Category: Education

Timely consultations relevant for family medicine, primary care, and general internal medicine topics for physicians, nurse practitioners, physician assistants, and residents. Offering CME credit for most episodes at https://ce.mayo.edu/podcast. Produced by @MayoMedEd.

September 16, 2021

Genes & Your Health Edition - How Does Viral Genetics Influence Transmission, Diagnosis, and Severity of COVID-19?

To claim credit for this series, visit: https://ce.mayo.edu/online-education/content/mayo-clinic-talks-podcast-genes-your-health#group-tabs-node-course-default1

Guests: Andrew D. Badley, M.D. (@BadleyAndrew); Matthew J. Binnicker, Ph.D. (@DrMattBinnicker)

Host: Denise M. Dupras, M.D., Ph.D.

COVID-19. Variants. The future. Does one test fit all?  Will the vaccine continue to provide protection against future variants? What makes the Delta variant more transmissible? Join the second episode of our Genes & Your Health Edition from the Mayo Clinic Center for Individualized Medicine to learn how viral genetics influence transmission, diagnosis, and severity of COVID-19.

Additional resources:

Connect with the Mayo Clinic School of Continuous Professional Development online at https://ce.mayo.edu/ or on Twitter @MayoMedEd.

September 7, 2021

Variants, Virulence, and Vaccines, Oh My!

Guest: Elitza S. Theel, Ph.D. (@ElliTheelPhD)

Host: Amit K. Ghosh, M.D. (@AmitGhosh006)

Dr. Elitza Theel, Professor of Laboratory Medicine and Pathology and Director of Infectious Diseases Serology Laboratory at Mayo Clinic’s Rochester Campus, discusses our immune response to vaccination and natural infection and outlines the different types of antibody assays currently available. Dr. Theel also discusses the concept of herd immunity in the context of different circulating SARS-CoV-2 variants and the increased need to get higher rates of vaccination in the community as the infectivity and transmissibility of circulating SARS-CoV-2 variants changes. We also discuss the status of correlates of protective immunity against SARS-CoV-2 and the need for booster vaccine doses for immunocompromised individuals. 

Additional resources:

Connect with the Mayo Clinic’s School of Continuous Professional Development online at https://ce.mayo.edu/ or on Twitter @MayoMedEd.

August 10, 2021

Working from the Ground Up to Impact Gender Disparities in COVID-19

Guest: Carol L. Kuhle, D.O., M.P.H. (@clkejd)

Host: Anjali Bhagra, M.D. (@anjalibhagramd)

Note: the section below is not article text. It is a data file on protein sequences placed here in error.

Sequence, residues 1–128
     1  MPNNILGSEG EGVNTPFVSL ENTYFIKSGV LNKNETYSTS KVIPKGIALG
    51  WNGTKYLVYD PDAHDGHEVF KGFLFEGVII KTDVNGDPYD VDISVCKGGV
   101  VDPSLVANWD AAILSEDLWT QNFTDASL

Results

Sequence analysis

Anjali Bhagra, M.D., and Carol L. Kuhle, D.O., M.P.H., discuss the narrative they recently published in Mayo Clinic Proceedings, which outlines and highlights the further widening of preexisting gender disparities in response to the COVID-19 pandemic. What can we do to identify and mitigate these issues?

Additional resources:

  • Nordhues, HC. Bhagra, A. Stroud, NN. Vencill, JA. Kuhle, CL. COVID-19 gender disparities and mitigation recommendations: a narrative review. Mayo Clin Proc. 2021 April 20; 96(7): 1907-1920. doi: https://doi.org/10.1016/j.mayocp.2021.04.009

Connect with the Mayo Clinic’s School of Continuous Professional Development online at https://ce.mayo.edu/ or on Twitter @MayoMedEd.

August 6, 2021

Mayo Clinic Q&A: The COVID-19 Delta Variant has Changed Everything

This episode is shared from Mayo Clinic Q&A and was recorded August, 2021

Guest: Gregory A. Poland, M.D. (@drgregpoland)

Host: Halena M. Gazelka, M.D. (@hmgazelkamd)  

A fourth COVID-19 surge is blanketing the U.S., and the delta variant is the culprit.

"Where did this delta variant come from? It came from unvaccinated people getting infected in large numbers allowing the virus to continue mutating," says Dr. Gregory Poland, an infectious diseases expert and head of Mayo Clinic's Vaccine Research Group.

In the past, a person with COVID-19 might infect two to four people. But with the delta variant, one person can infect nine people, according to Dr. Poland. He says if you want to protect yourself and your family, wear a mask, especially indoors, and get vaccinated with an appropriate series of one of the COVID-19 vaccines.

"These are the most studied vaccines in the history of the world," Dr. Poland emphasizes. "There have never been this many people who have received this many doses of vaccines during this amount of time with as much scrutiny as these COVID-19 vaccines have had."

In this Mayo Clinic Q&A podcast, Dr. Poland answers questions about a person's waning immunity and the likelihood of COVID-19 booster shots. He also explains the two phases of immunity and goes into detail about the extensive Federal Drug Administration license approval process for COVID-19 vaccines.

AskMayoExpert COVID-19 Resources: https://askmayoexpert.mayoclinic.org/navigator/COVID-19

Connect with the Mayo Clinic’s School of Continuous Professional Development online at https://ce.mayo.edu/ or on Twitter @MayoMedEd.

July 30, 2021

Mayo Clinic Q&A: Stopping the Spiral of the COVID-19 Delta Variant

This episode is shared from Mayo Clinic Q&A and was recorded July, 2021

Guest:  Gregory A. Poland, M.D. (@drgregpoland

Host: Halena M. Gazelka, M.D. (@hmgazelkamd)   

Transmission of the COVID-19 delta variant is increasing.

"We're in this constant spiral, right now,” says Dr. Gregory Poland, an infectious diseases expert and head of Mayo Clinic's Vaccine Research Group.